Paeesler is a German company founded in 1997 by Dirk Paeesler, who wanted to create an easy to deploy and operate network monitoring solution, having no idea that what was at the time a “one man show” would have become in 20 years a company with 150,000 deployments worldwide and a staff of 170 people based in different countries. Paessler is a quite peculiar company as it is completely independent and owned by its founders and staff. It is also interesting to note that PRTG, Paessler’s solution, is adopted by 70% of Fortune 100 companies worldwide and acknowledged in Gartner’s magic quadrant.
When it was launched, vRealize Operations Manager was immediately perceived by its user base as a complete rework of its predecessor, vCenter Operations Manager. Changes were introduced not only in terms of features and capabilities, but also in the product’s architecture. Having hit version 6.2 and incorporating even some functionalities inherited by Hyperic, vROps is now definitely a mature product, which makes it an essential and indispensable component of any modern VMware virtualization infrastructure.
In this article I will try to cover most of the design considerations that need to be made when facing a vROps implementation scenario; I don’t mean to cover all the facets of the “vROps Design Dilemma”, neither will I go too much in depth analyzing all the possible design considerations. Nevertheless I hope to give you enough food for thought to succeed with your vROps implementation.
Today Ravello Systems and Nutanix have announced the availability of Nutanix CE on Ravello’s Smart Labs by means of a jointly developed blueprint.
For those not familiar with any of the two vendors, let me briefly recap for your convenience.
Ravello Systems has developed a product called HVX, which can be defined as a “nested hypervisor” capable of running on top of public clouds like Amazon AWS and/or Google Cloud Engine, together with a proprietary network overlay. This solution is designed to address specific use cases such as Labs, Demo/Sales environments, Dev/Test disposable infrastructures etc; this result is achieved leveraging commodity public clouds but at the same time allowing users to deploy workloads in the very same format they use on their own premises. Therefore the underlying AWS or Google Cloud Engine is completely hidden and not relevant when it comes to design and implement your infrastructure on Ravello’s platform. One interesting point is that VMware ESXi is already supported as a blueprint, so it is possible to deploy nested vSphere labs on top of Ravello’s HVX running inside AWS or Google Cloud Engine. It might sound confusing but it actually isn’t!
I have recently purchased a Synology DS713+ unit as I needed a reliable storage solution for my new “all physical” vSphere Home Lab. Synology has a great reputation for quality, features and performances and it is one of the manufacturers of choice among home labbers. I was particularly intrigued by the fact that the DS7123+ comes with full VAAI capabilities at a reasonable price (I was able to find it for less than 400 Euros without disks).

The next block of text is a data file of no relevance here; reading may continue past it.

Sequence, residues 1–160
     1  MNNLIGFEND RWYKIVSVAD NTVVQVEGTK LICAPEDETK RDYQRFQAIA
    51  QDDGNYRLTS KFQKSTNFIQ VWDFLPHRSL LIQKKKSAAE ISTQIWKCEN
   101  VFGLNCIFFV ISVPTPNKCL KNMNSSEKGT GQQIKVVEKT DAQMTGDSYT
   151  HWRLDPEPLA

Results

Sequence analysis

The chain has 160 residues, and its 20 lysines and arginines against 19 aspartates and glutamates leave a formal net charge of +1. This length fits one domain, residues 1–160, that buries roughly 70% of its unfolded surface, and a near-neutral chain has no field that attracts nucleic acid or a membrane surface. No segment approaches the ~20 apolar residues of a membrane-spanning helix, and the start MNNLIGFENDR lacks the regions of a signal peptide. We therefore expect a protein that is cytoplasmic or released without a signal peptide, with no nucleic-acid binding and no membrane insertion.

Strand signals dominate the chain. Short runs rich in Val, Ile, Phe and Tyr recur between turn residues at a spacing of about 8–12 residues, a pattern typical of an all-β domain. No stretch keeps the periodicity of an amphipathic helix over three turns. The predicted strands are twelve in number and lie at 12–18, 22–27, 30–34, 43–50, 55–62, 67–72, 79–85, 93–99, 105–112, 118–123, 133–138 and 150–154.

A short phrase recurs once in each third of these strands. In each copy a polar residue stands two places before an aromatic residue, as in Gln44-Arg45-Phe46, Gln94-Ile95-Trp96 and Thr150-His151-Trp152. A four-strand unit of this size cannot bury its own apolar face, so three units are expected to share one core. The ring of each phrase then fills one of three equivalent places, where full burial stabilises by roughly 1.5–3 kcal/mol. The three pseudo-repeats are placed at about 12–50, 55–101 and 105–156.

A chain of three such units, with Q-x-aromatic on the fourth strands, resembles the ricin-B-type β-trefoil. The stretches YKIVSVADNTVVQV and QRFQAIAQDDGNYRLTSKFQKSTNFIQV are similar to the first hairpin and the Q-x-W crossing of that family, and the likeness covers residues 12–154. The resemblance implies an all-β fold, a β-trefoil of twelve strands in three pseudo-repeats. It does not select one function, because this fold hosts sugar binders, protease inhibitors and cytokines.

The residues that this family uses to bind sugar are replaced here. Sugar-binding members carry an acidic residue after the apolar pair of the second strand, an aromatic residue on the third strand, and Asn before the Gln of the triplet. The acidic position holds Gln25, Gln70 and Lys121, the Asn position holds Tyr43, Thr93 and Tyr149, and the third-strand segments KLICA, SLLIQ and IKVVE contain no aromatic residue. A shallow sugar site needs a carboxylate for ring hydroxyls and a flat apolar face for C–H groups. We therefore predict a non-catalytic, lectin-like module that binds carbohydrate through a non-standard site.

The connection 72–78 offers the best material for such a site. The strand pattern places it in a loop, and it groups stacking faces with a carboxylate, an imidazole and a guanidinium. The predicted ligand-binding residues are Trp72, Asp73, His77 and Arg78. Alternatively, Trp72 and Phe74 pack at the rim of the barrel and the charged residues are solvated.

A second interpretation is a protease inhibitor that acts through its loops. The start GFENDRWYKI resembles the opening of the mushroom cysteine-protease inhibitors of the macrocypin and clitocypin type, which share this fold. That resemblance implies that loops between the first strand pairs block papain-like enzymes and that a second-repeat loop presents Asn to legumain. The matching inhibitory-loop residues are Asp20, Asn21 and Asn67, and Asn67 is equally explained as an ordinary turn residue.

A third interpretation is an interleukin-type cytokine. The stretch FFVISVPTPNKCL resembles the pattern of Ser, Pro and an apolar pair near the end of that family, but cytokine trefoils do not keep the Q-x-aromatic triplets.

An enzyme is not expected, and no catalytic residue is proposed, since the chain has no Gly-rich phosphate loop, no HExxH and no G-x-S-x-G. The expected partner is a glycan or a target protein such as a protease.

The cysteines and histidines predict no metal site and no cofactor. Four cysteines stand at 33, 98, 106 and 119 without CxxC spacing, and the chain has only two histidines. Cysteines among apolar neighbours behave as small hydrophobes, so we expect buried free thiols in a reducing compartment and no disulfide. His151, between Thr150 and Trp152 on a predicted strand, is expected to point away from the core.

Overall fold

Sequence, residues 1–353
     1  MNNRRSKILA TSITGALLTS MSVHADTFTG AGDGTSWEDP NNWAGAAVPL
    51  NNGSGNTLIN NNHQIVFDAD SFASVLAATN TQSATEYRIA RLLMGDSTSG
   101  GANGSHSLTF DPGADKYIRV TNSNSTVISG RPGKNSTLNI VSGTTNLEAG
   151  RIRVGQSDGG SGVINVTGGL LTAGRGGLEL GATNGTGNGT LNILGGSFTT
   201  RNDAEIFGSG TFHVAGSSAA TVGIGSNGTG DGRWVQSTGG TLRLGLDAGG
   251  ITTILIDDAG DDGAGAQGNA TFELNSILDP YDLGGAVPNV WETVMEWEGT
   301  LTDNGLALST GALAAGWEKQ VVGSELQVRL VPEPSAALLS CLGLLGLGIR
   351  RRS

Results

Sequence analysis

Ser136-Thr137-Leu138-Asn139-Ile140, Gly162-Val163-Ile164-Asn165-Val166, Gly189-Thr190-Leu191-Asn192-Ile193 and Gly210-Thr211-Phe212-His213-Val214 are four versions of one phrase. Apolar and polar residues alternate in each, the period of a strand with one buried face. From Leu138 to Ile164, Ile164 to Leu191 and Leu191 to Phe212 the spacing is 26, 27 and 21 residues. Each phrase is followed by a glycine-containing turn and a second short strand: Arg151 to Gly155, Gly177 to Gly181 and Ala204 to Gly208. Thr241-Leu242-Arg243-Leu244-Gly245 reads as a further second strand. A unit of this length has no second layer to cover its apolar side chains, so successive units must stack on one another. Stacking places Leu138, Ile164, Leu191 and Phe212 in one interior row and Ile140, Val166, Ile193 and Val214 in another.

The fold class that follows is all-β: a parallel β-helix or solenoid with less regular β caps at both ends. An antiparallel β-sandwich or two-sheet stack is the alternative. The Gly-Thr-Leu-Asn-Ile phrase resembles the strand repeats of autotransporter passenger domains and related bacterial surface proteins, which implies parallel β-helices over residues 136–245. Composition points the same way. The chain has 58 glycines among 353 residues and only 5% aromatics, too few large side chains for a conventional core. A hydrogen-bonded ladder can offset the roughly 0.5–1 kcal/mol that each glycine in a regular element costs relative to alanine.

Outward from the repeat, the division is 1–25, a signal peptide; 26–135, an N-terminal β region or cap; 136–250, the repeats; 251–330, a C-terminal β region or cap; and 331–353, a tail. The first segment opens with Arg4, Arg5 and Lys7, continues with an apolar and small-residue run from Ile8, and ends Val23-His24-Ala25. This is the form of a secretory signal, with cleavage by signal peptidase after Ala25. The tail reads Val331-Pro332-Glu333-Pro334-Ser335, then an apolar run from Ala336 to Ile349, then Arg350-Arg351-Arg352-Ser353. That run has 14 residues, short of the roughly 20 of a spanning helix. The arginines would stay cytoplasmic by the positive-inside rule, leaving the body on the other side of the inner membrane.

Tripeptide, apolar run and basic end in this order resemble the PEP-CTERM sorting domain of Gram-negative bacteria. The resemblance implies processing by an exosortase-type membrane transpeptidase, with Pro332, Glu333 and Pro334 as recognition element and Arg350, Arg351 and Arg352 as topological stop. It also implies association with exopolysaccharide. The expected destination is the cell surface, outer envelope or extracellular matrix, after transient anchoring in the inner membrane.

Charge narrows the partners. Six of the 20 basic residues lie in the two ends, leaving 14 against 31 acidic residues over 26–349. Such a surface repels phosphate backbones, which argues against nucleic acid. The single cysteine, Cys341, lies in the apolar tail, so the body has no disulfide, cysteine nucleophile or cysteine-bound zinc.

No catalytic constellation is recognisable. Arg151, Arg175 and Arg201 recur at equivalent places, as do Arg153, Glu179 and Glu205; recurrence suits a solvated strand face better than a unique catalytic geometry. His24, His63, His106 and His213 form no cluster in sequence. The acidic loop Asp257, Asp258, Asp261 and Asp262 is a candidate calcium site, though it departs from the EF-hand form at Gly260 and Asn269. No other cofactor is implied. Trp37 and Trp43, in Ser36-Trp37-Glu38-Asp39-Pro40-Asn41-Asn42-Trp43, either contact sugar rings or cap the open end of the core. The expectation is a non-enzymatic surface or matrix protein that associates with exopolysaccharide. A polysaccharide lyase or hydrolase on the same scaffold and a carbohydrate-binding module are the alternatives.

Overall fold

I will spare you all the fancy stuff about the unboxing, the initial configuration and the detailed (and indeed impressive) features list and I will go straight to the point: I will show you how I managed to correctly set up a fully VAAI backed iSCSI DataStore for my ESXi 5.5 U1 hosts, after some trial and error: unfortunately the Synology documentation is a bit lacking on this topic and it took me a few attempts before I succeeded to do it correctly.
For my current job I work a lot with NexentaOS (an OpenSolaris based distribution) VMs. Today I had to validate the procedure to upgrade VMware Tools on such VMs for a customer and came across some interesting issues.
During this edition of VMworld Europe I followed only a few sessions, included two focusing on the new vCloud Hybrid Service directly offered by VMware, one presented by Massimo Re Ferre’ and another one by Chris Colotti and David Hill on “How to build a Hybrid Cloud in less than a day”.
In this post I will present Massimo’s session: PHC5070 – vCloud Hybrid Service: Architecture and Consumption Principles. This session was the first of a five part series, completely focused on vCHS.
This post should hopefully be the first one in a series revolving around my new vSphere homelab. I have been running vSphere nested labs for quite a while, self-built or using the mighty Autolab, but recently I had both the need and the opportunity to put together a small “all-physical” lab. I will publish a post in the coming weeks with more details about its architecture and setup (hey! I’m still building it!) but I decided to pull the trigger and document a little inconvenience I managed to overcome quite easily. I hope you might find this info useful!
In the last few years virtualization technologies have changed dramatically and irreversibly the way modern Data Centers are designed, implemented and managed. In modern DCs, virtual to physical ratios are growing constantly, due to the commonly accepted evidence that every workload is now a candidate for successful virtualization: cases where 100% of the systems are virtual are not uncommon anymore.
This clearly requires a different approach to many – if not all – the tasks that fall into the Operations area. Backup and Replication are probably the two tasks that more than any other have changed as a consequence of the opportunities that virtualization has presented to infrastructure designers, engineers and administrators.